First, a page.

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The old notes are no longer legal tender. [File photo: Getty]
Kenya’s central bank says nearly 210 million – or more than 95% – of old 1,000 shilling ($10; £8) notes have been returned in an exercise aimed at curbing corruption and money laundering.
“This means 7.3bn shillings became worthless pieces of paper,” bank governor Patrick Njoroge told journalists.
The bank said there had been about 217 million of the notes in circulation on 1 June, when the decision to phase them out was announced. The notes ceased to be legal tender from 1 October.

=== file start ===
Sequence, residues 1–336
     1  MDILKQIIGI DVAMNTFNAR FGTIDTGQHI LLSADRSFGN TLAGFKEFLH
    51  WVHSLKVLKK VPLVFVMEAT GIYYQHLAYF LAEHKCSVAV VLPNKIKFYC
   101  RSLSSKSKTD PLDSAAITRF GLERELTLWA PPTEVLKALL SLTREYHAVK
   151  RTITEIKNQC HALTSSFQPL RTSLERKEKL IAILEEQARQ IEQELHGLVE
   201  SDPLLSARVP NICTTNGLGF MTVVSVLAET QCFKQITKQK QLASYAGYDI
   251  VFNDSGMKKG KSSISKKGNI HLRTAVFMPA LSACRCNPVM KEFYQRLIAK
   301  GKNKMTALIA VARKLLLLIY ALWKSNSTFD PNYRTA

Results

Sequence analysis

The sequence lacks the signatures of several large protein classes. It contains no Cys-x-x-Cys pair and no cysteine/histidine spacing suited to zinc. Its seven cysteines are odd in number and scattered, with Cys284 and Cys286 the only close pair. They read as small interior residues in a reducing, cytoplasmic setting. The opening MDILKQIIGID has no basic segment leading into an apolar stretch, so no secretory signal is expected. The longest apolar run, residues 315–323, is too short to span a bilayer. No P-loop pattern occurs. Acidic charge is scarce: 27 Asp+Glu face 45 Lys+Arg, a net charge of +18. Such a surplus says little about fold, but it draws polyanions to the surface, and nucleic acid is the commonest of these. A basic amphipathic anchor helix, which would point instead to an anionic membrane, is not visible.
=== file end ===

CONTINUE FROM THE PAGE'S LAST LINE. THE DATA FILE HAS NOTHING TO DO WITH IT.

A total of 3,172 suspicious transactions were flagged during the demonetisation period and would be investigated by relevant government agencies, Mr Njoroge said.
The demonetisation aims to curb illicit financial flows. According to the Africa Tax Justice Network, Kenya has been losing $400m every year since 2011 through illicit financial flows.
The bank posted a tweet to declare the demonetisation successful.
Governor @njorogep: Demonetisation has been successful because we have completed it smoothly, with AML/CFT filters firmly in place, and kept out money whose owners did not want to be subjected to the relevant checks in the system.
— Central Bank of Kenya (@CBKKenya) October 2, 2019
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